Why Some Teachers (and Scholars) Become Administrators

Principal

We have lost a lot of great teachers and scholars to the ranks of administration.

Check out this National Public Radio piece titled “Increasing Salaries So Teachers Don’t Have to Become Principals”

Here is a taste:

Spencer Campbell spends much of his days walking the halls of Elk Ridge Middle School, checking breezeways for kids playing hooky, redirecting foot traffic between classes and checking on substitute teachers.

Campbell is one of two assistant principals at Elk Ridge, a school just south of Salt Lake City, Utah. It’s his first year in the role and he looks the part. He’s in his late 30s, sharply dressed, walks briskly and carries a walkie-talkie on his belt.

Before coming to education, Campbell owned a small business. He says he felt drawn to schools, though, so he got a master’s degree and spent five years in the classroom as a teacher.

Where, after all that, he says he just couldn’t make ends meet. “As a teacher I was making $43,000 a year and I had a part-time job where I would work another 20,” he says. “That wasn’t for the extras. That was just for the basics.” Extras like braces for his kids, piano lessons and the occasional vacation.

So, he looked ahead to the next step: administration.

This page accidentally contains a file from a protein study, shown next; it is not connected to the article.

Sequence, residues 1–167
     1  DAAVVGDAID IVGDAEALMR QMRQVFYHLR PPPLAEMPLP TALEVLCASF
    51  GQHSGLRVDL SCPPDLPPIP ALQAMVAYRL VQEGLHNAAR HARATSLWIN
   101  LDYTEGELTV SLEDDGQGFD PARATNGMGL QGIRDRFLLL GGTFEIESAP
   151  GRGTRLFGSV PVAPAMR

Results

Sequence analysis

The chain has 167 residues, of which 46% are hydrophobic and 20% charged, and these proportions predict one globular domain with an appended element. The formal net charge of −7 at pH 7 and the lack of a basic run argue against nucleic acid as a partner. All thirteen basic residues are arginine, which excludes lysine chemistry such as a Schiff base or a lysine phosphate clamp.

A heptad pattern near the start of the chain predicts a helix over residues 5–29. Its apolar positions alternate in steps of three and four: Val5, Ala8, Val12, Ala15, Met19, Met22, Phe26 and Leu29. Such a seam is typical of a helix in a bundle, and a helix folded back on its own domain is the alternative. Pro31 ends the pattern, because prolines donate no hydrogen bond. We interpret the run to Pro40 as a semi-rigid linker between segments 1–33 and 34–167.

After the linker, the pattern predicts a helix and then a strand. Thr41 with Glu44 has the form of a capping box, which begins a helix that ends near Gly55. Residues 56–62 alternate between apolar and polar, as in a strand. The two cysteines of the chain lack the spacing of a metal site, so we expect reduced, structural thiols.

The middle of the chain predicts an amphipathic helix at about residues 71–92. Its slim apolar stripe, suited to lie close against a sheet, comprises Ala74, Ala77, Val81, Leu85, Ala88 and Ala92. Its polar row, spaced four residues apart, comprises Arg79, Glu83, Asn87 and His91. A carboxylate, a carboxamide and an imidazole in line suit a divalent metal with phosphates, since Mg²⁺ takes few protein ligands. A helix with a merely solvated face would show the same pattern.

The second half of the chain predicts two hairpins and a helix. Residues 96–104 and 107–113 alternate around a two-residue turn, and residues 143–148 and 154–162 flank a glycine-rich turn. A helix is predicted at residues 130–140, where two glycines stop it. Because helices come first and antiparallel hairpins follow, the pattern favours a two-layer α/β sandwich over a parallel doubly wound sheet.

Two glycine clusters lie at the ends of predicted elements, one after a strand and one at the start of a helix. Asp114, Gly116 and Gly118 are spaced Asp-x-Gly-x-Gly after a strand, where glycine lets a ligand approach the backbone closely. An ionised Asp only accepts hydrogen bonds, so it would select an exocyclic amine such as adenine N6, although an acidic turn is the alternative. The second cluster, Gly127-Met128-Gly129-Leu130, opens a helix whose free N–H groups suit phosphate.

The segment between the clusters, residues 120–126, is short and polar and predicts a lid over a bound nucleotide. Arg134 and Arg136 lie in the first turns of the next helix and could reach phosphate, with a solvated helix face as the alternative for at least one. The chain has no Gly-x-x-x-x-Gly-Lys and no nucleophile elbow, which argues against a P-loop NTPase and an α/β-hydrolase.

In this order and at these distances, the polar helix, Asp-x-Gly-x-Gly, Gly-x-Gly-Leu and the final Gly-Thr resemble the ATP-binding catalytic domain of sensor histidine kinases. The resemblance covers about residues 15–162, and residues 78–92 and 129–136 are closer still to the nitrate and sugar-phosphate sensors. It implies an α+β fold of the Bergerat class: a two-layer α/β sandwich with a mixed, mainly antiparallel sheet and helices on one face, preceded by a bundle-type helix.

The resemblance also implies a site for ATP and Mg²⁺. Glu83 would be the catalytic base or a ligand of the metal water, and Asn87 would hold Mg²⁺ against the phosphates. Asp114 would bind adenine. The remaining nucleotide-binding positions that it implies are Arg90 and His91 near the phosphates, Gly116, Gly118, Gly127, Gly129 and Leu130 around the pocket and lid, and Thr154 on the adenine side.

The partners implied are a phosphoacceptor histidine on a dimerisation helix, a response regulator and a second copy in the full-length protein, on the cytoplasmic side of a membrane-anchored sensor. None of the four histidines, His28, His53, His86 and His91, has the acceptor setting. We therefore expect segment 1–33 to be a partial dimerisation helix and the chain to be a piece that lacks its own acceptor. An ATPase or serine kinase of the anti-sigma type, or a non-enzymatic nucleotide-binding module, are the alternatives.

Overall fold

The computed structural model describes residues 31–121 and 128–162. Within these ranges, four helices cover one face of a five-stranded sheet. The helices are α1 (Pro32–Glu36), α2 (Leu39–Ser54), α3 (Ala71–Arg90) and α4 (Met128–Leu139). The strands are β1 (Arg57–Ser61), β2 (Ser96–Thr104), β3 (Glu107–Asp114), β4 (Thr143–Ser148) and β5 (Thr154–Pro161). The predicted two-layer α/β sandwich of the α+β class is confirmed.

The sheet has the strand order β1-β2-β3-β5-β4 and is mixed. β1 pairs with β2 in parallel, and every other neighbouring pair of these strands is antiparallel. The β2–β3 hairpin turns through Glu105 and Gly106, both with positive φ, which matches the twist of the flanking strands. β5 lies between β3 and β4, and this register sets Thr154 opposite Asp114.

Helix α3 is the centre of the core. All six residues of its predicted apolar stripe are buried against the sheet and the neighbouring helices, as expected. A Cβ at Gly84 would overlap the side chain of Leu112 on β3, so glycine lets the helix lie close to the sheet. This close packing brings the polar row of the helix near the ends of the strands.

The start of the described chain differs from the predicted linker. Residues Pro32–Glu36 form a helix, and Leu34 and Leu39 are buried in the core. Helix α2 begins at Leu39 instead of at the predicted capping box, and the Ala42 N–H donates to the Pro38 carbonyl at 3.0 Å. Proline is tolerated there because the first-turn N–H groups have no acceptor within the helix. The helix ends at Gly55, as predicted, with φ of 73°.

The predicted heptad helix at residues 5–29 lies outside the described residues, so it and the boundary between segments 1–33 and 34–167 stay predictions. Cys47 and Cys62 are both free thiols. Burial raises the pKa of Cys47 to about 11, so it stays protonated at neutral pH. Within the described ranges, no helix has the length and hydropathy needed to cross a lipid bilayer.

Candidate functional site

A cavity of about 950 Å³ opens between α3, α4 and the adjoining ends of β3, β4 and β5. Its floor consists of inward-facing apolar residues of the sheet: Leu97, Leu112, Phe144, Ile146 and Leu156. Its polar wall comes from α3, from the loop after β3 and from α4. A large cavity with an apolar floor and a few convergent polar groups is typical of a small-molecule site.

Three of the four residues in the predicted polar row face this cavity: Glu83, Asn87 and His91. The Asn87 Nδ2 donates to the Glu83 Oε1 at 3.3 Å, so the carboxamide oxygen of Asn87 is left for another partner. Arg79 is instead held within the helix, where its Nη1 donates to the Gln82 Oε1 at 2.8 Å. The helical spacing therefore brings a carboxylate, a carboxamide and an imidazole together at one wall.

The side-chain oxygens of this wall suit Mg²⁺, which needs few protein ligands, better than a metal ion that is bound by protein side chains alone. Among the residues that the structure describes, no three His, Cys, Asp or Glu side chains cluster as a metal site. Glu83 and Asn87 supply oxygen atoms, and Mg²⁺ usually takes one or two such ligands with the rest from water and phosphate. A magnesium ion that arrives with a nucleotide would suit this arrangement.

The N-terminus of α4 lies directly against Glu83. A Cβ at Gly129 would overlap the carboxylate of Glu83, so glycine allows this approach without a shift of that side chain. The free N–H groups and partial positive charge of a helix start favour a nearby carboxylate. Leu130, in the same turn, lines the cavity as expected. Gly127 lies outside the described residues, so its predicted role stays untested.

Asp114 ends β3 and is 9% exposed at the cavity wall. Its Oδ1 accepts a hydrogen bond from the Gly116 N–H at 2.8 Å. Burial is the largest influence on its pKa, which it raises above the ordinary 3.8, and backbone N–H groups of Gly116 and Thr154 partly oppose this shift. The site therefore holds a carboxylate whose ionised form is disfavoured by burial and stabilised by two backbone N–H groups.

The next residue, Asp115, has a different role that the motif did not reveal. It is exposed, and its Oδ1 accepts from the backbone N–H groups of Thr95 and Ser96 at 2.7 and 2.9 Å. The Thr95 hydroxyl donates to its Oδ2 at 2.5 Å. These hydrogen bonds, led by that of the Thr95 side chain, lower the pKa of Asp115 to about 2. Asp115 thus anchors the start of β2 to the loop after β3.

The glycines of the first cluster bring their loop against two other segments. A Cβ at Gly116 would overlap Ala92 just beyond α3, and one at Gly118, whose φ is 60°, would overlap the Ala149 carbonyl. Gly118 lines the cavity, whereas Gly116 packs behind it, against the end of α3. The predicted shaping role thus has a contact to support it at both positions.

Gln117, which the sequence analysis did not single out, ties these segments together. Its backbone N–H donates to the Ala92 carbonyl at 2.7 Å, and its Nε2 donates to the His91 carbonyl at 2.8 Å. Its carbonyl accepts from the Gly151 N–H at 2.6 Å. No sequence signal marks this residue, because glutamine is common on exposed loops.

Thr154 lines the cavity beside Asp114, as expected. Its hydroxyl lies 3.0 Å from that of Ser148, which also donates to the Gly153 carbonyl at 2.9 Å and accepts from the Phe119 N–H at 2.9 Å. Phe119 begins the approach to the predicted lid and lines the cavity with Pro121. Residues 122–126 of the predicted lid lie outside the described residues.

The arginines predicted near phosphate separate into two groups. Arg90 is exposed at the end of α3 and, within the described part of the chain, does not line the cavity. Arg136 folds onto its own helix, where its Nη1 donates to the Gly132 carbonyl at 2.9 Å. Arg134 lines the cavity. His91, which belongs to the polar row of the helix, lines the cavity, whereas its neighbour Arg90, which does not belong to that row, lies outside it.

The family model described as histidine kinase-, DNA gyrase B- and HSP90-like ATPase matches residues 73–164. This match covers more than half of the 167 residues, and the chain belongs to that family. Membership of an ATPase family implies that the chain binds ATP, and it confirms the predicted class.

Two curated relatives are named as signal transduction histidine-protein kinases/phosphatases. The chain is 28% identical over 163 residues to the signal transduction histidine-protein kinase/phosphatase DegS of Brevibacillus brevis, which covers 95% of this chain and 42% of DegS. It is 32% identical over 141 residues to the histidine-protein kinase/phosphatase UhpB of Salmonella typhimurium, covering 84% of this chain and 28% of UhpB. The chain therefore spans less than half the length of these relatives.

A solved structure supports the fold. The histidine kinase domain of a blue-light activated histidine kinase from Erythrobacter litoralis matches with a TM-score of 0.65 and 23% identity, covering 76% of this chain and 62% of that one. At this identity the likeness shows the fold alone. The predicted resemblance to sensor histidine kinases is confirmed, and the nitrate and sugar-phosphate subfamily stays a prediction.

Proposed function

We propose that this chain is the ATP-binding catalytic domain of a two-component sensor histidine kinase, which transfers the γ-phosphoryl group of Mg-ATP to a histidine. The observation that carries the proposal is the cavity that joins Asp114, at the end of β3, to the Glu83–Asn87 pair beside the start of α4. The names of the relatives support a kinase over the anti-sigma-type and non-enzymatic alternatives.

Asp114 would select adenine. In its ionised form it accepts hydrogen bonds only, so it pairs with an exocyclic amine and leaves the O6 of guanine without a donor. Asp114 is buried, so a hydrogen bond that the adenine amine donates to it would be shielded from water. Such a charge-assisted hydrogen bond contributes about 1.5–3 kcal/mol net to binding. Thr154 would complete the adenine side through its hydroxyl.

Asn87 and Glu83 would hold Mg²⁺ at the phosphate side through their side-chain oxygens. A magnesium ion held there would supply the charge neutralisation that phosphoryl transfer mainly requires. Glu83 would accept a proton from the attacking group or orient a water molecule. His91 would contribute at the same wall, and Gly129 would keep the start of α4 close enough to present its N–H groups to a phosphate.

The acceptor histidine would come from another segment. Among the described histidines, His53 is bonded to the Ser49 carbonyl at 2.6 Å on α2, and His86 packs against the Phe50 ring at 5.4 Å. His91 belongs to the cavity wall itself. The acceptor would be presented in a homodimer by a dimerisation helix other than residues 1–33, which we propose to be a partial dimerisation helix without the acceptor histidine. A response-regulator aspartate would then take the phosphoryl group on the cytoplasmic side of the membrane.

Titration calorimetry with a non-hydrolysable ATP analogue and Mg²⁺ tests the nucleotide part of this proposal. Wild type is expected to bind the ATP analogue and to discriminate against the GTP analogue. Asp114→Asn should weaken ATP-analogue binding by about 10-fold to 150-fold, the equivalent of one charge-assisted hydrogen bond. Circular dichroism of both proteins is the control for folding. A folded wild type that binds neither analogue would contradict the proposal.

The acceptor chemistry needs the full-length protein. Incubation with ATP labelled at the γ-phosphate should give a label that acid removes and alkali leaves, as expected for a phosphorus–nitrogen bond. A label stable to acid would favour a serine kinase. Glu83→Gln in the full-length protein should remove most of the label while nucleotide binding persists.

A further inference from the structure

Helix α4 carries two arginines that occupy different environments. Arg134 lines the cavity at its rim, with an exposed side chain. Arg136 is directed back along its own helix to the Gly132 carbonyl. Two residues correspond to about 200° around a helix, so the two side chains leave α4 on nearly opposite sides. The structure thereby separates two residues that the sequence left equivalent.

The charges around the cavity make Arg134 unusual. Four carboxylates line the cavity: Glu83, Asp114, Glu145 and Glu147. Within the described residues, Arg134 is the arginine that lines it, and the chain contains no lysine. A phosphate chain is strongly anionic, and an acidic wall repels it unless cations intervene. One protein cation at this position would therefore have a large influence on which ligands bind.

“There’s not a step in the ladder between teacher and administrator,” Campbell says. “It’s just teacher. And administrator.”

That’s not saying Campbell is upset about his job, he says he likes it and now he makes nearly double what he made in the classroom. Though, the change is bittersweet.

“The effect that a classroom teacher has on a student is second only to a parent,” Campbell says. “And as an administrator, I don’t know if I’ll ever be able to have that same effect and that’s kind of heartbreaking.”

Read the rest here.

We often have similar problems in higher education, especially at small institutions. In these institutions faculty devote most of their time to teaching.  Some like it that way. Some wish they could spend more time on scholarship or public engagement.  For those in the latter group, the chances of advancing their careers as scholars or public intellectuals is slim.  Most colleges don’t reward this kind of work beyond the ordinary process of tenure and promotion and perhaps that’s enough. Others get a nice pat on the back or a line or two on the college website.  This often leaves administration as the only track for career advancement.

Thanks to Janine Giordano Drake for bringing this piece to my attention.

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